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Old 12-04-2010, 08:08 AM   #16
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Old 12-04-2010, 10:53 AM   #17
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One not-so-nice guy told me to my face that I wasn't a "real woman" which of course hurt.

Well you know that you are so you just have to say f him and anyone else who would say things like that.

It gets easier and easier as you go along, trust me
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Old 12-04-2010, 11:43 AM   #18
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In my experience, guys do not like successful and ambitious women. Back when I had a full time job, I was independent and did not rely on anyone to help me with projects. This pissed off a lot of the guys I worked with because I was never the damsel in distress. I couldn't understand why the needy girls got all the guys while I was left in the dust. One not-so-nice guy told me to my face that I wasn't a "real woman" which of course hurt.
Charming . That sucks, I'm sorry you had to go through that.

Thankfully, though, as evidenced by this thread, there do seem to be some men out there who are mature and secure enough in their masculinity who wouldn't dream of behaving like that. Hopefully you'll be able to encounter more of them over time.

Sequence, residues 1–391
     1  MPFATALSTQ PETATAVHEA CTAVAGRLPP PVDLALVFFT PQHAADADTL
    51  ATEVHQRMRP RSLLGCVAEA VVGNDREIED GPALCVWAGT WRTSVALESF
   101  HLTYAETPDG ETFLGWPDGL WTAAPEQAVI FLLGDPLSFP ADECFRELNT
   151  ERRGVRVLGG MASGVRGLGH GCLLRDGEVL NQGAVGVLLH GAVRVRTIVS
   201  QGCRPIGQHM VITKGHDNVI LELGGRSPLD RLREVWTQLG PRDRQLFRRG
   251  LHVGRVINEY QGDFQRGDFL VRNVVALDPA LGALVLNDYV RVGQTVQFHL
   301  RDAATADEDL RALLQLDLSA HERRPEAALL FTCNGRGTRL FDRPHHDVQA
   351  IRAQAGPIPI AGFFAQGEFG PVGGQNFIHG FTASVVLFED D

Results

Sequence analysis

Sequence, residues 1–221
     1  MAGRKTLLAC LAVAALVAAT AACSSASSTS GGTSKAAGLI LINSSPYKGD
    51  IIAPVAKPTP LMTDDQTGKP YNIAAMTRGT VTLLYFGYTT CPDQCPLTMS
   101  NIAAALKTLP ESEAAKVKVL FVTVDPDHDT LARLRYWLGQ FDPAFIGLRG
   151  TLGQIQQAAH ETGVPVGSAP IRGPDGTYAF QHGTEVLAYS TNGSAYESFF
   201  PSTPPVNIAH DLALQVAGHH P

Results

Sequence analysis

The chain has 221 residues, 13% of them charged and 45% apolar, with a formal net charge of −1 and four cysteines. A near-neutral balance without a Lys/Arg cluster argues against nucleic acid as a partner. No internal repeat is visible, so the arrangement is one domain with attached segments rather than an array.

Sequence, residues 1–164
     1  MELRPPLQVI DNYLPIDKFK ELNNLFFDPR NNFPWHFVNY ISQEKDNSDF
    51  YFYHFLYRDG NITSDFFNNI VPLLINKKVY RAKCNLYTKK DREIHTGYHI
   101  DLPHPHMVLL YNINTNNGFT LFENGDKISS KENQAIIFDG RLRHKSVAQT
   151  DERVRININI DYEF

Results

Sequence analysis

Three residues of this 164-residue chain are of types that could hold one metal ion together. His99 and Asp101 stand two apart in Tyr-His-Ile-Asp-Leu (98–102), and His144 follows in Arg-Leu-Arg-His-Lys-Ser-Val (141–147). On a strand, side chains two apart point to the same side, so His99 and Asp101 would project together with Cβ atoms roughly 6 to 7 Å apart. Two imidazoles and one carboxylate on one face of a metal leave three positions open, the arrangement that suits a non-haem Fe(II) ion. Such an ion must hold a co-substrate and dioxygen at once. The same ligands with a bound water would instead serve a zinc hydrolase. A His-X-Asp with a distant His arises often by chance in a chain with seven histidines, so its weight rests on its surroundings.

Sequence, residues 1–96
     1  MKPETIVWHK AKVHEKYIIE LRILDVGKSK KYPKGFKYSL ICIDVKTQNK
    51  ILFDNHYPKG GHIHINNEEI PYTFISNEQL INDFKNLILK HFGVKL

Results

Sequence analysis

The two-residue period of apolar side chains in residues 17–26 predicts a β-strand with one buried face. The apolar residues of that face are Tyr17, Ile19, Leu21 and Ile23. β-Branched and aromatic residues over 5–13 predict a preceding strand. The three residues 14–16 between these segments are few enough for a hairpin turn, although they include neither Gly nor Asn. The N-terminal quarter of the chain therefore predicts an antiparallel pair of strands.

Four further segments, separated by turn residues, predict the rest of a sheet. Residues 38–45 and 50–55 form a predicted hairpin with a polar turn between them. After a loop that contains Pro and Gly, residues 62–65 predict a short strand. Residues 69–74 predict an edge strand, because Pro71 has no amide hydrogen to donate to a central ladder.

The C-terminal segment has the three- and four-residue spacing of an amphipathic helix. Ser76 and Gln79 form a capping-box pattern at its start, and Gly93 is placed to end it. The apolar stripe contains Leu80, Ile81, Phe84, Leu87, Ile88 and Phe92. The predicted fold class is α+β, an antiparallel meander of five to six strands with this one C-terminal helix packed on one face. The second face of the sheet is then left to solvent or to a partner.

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I still don't know quite why she decided I was worth it.
Because you're a really nice and smart guy . Those qualities pay off well in life.

I fully agree with the comments about women out there who look down upon men who don't make as much as them, that's true, sadly they exist, too. If a person bases their relationship entirely on what other people will think of their chosen mate, then they're in for a world of problems. The people judging you have their own relationship issues, too, perhaps even more so, because it's hard to nurture your own relationship when you're obsessively invested in how others are running theirs. They're not perfect, either, and they're not the ones going home with your significant other at the end of the night, you are, so what business is it of theirs, anyway?

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Oh really? I don´t know.. some women like artists at first but get fed up easily; artists are not easy to deal with sometimes I guess

I think many artists want a true independent strong woman, not an asshole but self confident.